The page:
The Competition and Markets Authority has closed its investigation into French industrial giant Bouygues’ acquisition of construction-services firm Equans for €6.1bn.
Bouygues agreed to acquire Equans from fellow French firm Engie in November for an initial price of €6.5bn, which, when factoring in net debt, resulted in a final purchase price of €6.1bn.
The merger was the largest acquisition in Bouygues’ history and would see it become one of the world’s leading multi-technical services firms.
The deal was formally completed in October and the UK’s competition’s watchdog closed down its investigation into whether the merger would lead to unfair competition last week.
The CMA launched its probe in July amid concerns that the merger might lead to a “lessening of competition” within a specialist sector of the UK construction market.
Probing the potential for what is known as a ‘substantial lessening of competition’, the watchdog requested undertakings from both parties that competition would not be affected. It highlighted in particular work on HS2 as a cause for concern.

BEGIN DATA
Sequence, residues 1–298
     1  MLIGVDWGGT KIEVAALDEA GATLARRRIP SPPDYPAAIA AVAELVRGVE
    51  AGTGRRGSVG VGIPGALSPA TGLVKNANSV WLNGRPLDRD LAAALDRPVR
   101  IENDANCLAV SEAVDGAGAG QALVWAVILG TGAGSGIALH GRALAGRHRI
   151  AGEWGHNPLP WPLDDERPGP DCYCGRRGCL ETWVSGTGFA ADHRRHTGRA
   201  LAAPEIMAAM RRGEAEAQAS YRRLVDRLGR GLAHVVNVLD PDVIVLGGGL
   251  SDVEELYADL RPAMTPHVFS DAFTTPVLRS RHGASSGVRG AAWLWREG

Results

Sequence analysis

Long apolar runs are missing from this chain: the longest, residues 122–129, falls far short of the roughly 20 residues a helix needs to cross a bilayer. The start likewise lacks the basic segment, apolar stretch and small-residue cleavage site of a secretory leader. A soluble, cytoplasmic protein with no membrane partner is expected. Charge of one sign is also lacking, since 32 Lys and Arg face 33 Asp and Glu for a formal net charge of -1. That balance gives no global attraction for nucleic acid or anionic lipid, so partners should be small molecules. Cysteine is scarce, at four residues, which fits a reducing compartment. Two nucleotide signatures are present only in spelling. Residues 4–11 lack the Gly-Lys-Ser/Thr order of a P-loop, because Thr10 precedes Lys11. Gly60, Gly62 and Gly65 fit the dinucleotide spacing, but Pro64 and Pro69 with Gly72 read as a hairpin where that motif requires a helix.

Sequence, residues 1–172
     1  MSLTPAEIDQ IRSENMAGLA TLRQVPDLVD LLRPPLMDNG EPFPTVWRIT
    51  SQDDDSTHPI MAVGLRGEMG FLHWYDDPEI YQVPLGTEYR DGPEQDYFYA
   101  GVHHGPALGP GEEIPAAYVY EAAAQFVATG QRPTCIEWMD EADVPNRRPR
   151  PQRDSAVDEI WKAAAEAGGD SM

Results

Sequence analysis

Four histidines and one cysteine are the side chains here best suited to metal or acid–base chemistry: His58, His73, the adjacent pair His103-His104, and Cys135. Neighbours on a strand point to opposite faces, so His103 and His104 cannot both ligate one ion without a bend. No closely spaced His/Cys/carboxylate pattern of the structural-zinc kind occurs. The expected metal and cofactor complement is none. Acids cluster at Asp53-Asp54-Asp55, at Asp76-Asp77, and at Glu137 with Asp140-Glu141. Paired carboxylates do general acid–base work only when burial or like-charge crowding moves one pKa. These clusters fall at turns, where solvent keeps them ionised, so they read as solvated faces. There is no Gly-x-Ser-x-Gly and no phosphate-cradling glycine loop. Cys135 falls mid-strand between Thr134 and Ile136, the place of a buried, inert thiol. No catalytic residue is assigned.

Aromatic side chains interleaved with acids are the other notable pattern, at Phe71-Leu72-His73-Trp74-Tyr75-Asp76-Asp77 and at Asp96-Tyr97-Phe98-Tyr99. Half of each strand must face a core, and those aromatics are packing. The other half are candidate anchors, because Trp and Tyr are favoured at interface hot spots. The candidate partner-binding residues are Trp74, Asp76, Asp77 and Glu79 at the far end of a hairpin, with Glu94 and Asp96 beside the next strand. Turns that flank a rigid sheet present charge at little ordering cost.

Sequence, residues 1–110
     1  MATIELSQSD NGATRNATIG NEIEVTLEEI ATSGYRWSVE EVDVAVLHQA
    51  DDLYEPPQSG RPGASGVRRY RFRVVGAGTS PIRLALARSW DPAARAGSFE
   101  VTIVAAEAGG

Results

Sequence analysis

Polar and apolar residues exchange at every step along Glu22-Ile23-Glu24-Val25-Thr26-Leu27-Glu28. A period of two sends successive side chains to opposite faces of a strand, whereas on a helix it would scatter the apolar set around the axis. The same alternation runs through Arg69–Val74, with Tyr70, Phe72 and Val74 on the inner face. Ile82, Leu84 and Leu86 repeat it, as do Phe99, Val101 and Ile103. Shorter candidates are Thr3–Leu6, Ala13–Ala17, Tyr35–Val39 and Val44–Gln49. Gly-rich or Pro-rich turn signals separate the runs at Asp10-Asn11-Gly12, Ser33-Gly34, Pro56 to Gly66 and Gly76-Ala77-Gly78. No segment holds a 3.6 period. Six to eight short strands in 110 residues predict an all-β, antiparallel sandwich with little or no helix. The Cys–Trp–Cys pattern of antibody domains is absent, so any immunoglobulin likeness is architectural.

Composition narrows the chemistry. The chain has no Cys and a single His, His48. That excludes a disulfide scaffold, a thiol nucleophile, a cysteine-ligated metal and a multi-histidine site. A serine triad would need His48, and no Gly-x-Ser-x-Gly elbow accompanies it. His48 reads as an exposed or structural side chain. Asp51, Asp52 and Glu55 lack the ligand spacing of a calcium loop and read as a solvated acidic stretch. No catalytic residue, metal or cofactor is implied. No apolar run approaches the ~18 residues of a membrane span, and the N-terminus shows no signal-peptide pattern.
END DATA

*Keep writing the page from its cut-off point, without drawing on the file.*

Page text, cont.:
Subsidiaries of both Bouygues and Equans were competing as two of the four bidders for HS2’s £300m overhead-cable contract. In August, the parties agreed to withdraw one of the bids.
On 2 August, the CMA indicated that undertakings to withdraw one bid “might” be accepted by the body as satisfying their concerns.
According to the latest CMA report, Bouygues and Equans agreed earlier this year to have an independent third party assess the bids submitted in the HS2 tender by Colas Rail and the Rapide joint venture to determine which of the bids was “the most economically advantageous to HS2 Ltd”.